This website will prepare you for the most memorable adventure of your life to The Grand Canyon. Here you can:
Find the best adventure routes for your Grand Canyon Tours
Plan your visit from A to Z
Learn about the different Rims of the Grand Canyon and what each has to offer
Find out what to bring with you on your journey
The Grand Canyon- a chasmic archive of Earth’s history, the most beautiful scar on the planet, and one of the world’s seven wonders. A process of geological artistry, the Grand Canyon was created over millions and millions of years. Reduced to mere statistics, the gigantic Colorado River fissure is 277 miles long (446km), 4-18 miles (6-29km) wide depending on where you stand, and over a mile (1.6km) deep. The sheer magnitude of the Grand Canyon allows for hundreds of outdoor experiences, yet ninety-percent of visitors crowd into the South Rim, rush to the photo-friendly outlook, take a couple of super-cliche pictures, and return to the comfort of air-conditioning and man-made landscapes. This is no way to appreciate an elder who just so happens to be one seventh of our planet’s greatness.
I’d like to think that most people can’t afford the time-commitment or are simply confused about planning a truly magnificent hiking expedition, so for those of you for whom these assumptions are true, let me make things simple for you. Whether you just want some instagram content, or plan to hike the Grand Canyon from rim-to-rim, we’ll take you across every single point-of-interest, guide you across every trail, review every lodge, and equip you with all the knowledge an adventurer requires. If you’re all about the one-stop, we’d rather you do it here because once you make plans to visit the Grand Canyon, you’ll find that one stop is simply not enough.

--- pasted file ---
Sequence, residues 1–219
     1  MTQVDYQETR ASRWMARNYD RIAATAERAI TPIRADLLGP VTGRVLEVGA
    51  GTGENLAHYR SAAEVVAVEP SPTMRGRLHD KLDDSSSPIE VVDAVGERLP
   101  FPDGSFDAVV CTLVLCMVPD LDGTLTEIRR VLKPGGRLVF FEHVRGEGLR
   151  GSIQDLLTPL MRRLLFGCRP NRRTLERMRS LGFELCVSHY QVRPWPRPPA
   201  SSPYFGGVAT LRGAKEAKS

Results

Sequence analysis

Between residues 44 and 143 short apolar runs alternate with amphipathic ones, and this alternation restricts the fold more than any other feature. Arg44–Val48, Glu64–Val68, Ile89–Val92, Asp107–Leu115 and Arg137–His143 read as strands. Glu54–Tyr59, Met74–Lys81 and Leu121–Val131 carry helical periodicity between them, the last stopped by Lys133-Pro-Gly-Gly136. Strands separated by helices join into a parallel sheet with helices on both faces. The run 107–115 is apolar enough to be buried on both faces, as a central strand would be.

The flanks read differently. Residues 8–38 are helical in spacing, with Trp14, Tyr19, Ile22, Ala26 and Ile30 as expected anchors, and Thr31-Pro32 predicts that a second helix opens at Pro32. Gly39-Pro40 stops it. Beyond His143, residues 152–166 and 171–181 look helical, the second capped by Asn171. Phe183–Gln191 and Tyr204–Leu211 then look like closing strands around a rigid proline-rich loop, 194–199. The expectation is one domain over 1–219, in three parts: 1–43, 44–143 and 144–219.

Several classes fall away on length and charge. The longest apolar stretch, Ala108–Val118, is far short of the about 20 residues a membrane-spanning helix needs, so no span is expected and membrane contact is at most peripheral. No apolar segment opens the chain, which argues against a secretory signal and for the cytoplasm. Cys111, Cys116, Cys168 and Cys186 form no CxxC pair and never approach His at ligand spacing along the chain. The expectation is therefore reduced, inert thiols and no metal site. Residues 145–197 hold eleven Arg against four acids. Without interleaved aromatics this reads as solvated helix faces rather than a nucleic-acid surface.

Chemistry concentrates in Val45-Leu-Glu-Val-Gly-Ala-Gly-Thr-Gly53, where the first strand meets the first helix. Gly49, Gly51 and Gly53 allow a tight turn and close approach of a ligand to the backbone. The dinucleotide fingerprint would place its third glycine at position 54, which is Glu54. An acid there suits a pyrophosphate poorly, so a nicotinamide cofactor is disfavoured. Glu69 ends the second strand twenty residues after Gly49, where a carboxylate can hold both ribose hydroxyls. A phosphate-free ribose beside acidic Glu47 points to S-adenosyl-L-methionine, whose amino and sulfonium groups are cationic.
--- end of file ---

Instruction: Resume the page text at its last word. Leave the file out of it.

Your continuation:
Whether it’s to fulfill your ambition to see every world-wonder or get some much-needed relaxation in the calm of earthy isolation, the Grand-Canyon provides an expanse of outdoor opportunities. Find everything you need to know about Grand Canyon adventures here- hidden spots, secret caves, and hiking musts. Most importantly, find exactly what you’re looking for.
South Rim ~
Of the five-million visitors that take Grand Canyon tours each year, over ninety-percent head for the South Rim. While this trend occurs largely because of accessibility, the viewpoints from the South Rim, specifically Yavapai and Yaki, are most definitely worth it- the experience is only slightly diminished by the necessity of sharing the view with thousands of visitors.
Certainly the most tourist-friendly rim, the Southern half of the Grand Canyon is for those who want to see the poster-girl version of the Grand Canyon. Home to the National Park headquarters, the South Rim provides a seamless harmony of spectacular canyon panoramas, rugged outdoor activities, and comfortable (and even luxurious) lodging and accommodations.
Getting to the South Rim from Las Vegas is a four and a half hour drive, approximately 275 miles (443 km). Driving from Phoenix will save you an hour as the distance is only 230 miles (370 km).